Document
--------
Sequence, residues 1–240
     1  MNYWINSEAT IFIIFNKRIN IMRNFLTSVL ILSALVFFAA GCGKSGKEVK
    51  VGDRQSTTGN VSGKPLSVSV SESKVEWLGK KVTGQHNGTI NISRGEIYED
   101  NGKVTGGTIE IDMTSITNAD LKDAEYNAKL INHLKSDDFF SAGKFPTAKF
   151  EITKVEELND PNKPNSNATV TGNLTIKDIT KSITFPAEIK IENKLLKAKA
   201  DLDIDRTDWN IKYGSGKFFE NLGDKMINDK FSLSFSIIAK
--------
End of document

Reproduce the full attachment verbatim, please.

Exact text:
Sequence, residues 1–240
     1  MNYWINSEAT IFIIFNKRIN IMRNFLTSVL ILSALVFFAA GCGKSGKEVK
    51  VGDRQSTTGN VSGKPLSVSV SESKVEWLGK KVTGQHNGTI NISRGEIYED
   101  NGKVTGGTIE IDMTSITNAD LKDAEYNAKL INHLKSDDFF SAGKFPTAKF
   151  EITKVEELND PNKPNSNATV TGNLTIKDIT KSITFPAEIK IENKLLKAKA
   201  DLDIDRTDWN IKYGSGKFFE NLGDKMINDK FSLSFSIIAK